Amanda Pugh

Document Type


Date of Award


Degree Name

Master of Arts (MA)



First Advisor

John Dudley


By situating an analysis of Flannery O’Connor’s short fiction in conversation with Edith Stein’s theology of gender, this project contributes to the critical conversation that interprets O’Connor’s fiction through various feminist frameworks. I respond by proposing an alternative feminist framework that centers O’Connor’s sacramental or incarnational vision of the human body and her characters’ movement from fallenness to redemption. Stein’s theology posits that men and women live their fallenness and redemption in differentiated ways that correspond to their embodied masculinity and femininity, respectively. For men, participating in redemption involves imitating the sacrificial love of Christ’s crucifixion. For women, participating in redemption involves imitating Christ’s mother by paradoxically living out both spiritual maternity and spiritual virginity, which is possible in various states of life and professions. I argue that O’Connor’s short fiction dramatizes and embodies Stein’s theology of gender posited in her Essays on Woman, which I refer to as “Catholic feminism.” To illustrate my argument, I examine eight of O’Connor’s short stories through the lens of Stein’s Catholic feminism. Chapter one argues that O’Connor’s stories “A View of the Woods” (1957), “The Life You Save May Be Your Own” (1953), and “Parker’s Back” (1965) dramatize a movement from fallen masculinity to redeemed masculinity, culminating in the male character’s identification with Christ. Chapter two argues that O’Connor’s stories “Good Country People” (1955), “Greenleaf” (1956), and “A Good Man Is Hard to Find” (1953) dramatize a movement from fallen femininity to redeemed femininity, with a particular focus on the spiritual maternity of their characters. Chapter three argues that O’Connor’s stories “The Crop” (1947), “Good Country People” (1955), and “A Temple of the Holy Ghost” (1955) also dramatize a movement from fallen femininity to redeemed femininity, focusing more particularly on the spiritual virginity and individuality of their characters. I conclude that a Steinian reading of O’Connor’s fiction invites new readings that harmonize her redemptive and incarnational vision with the critical concerns raised by other theoretical lenses.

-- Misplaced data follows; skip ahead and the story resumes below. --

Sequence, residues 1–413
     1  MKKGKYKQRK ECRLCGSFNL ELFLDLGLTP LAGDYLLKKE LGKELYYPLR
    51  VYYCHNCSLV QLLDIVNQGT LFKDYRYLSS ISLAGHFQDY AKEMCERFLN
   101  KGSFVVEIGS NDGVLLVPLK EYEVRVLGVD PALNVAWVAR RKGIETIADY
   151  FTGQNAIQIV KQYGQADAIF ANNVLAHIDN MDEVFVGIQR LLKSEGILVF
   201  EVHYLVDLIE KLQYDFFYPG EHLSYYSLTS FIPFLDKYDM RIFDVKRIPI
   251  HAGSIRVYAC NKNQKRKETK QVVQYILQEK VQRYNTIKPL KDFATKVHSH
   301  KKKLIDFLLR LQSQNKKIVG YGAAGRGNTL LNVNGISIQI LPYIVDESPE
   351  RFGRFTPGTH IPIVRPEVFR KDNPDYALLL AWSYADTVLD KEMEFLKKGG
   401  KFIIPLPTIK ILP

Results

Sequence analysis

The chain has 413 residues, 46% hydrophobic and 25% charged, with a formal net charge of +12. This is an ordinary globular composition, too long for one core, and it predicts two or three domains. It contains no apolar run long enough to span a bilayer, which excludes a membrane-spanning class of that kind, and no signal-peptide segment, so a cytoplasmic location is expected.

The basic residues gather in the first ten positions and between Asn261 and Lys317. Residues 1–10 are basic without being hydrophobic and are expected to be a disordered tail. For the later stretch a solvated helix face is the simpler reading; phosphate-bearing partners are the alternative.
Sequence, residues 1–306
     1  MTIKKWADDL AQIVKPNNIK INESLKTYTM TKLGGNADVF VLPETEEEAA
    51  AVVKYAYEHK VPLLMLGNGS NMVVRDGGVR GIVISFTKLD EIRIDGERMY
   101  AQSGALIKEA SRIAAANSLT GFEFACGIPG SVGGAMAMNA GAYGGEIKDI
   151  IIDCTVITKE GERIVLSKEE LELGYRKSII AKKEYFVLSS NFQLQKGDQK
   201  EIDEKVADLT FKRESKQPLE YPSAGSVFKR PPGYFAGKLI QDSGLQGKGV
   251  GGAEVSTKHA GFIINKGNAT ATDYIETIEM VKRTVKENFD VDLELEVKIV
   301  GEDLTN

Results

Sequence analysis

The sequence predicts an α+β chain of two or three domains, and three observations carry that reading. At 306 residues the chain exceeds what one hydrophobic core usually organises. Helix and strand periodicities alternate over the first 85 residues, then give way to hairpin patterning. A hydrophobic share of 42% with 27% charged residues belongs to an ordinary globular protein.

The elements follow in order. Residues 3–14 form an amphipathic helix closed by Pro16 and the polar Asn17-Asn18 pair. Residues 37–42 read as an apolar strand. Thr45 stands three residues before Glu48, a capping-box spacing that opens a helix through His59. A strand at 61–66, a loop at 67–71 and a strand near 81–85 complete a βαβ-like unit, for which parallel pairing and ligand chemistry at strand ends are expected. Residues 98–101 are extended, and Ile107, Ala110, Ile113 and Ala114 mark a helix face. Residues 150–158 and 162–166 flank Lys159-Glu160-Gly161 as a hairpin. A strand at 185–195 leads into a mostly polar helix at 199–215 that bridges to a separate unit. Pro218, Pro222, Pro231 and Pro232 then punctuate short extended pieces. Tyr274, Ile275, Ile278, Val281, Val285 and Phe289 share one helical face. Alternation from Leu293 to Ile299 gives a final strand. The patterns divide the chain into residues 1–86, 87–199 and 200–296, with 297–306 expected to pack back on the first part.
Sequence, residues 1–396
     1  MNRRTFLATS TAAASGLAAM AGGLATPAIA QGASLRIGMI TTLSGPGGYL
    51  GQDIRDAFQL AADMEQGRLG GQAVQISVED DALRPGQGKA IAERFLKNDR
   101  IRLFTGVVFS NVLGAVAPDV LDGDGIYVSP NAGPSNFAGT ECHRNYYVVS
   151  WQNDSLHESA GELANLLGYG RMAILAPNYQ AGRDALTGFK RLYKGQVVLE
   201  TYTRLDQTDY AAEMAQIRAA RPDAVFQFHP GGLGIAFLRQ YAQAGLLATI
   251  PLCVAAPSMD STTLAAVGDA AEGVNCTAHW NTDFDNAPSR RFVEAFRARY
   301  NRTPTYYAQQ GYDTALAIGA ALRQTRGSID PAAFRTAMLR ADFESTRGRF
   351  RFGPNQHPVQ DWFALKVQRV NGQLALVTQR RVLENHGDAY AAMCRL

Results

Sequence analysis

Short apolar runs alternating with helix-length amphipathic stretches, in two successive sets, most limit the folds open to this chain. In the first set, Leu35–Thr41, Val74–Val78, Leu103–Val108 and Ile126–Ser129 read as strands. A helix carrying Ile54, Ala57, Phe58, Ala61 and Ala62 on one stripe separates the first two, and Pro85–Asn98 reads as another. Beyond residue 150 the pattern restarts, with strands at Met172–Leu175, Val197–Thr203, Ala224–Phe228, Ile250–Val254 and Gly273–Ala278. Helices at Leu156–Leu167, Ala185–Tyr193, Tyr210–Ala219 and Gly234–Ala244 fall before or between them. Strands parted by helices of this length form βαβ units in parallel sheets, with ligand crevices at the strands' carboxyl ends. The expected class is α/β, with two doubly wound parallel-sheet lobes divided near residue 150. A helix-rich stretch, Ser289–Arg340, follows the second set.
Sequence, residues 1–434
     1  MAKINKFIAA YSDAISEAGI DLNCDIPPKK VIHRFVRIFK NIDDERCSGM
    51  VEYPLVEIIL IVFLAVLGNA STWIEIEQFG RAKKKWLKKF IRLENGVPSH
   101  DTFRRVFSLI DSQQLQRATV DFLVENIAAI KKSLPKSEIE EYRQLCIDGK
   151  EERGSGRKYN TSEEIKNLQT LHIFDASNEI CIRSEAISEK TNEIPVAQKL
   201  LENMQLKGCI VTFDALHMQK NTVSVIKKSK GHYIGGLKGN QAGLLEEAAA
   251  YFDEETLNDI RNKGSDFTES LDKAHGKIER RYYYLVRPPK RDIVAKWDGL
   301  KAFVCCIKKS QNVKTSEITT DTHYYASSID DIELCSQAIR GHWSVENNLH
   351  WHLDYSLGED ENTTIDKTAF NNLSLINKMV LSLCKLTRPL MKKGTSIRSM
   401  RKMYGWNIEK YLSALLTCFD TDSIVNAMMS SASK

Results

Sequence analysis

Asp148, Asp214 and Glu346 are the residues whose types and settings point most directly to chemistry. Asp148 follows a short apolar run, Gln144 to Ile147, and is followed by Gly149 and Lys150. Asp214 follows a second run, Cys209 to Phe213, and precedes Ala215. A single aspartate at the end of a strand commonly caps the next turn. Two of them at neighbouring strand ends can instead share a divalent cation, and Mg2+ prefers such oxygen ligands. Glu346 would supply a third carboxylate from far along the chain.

Subject Categories

English Language and Literature


Catholicism, Edith Stein, Feminism, Flannery O'Connor, Literature, Theology

Number of Pages



University of South Dakota



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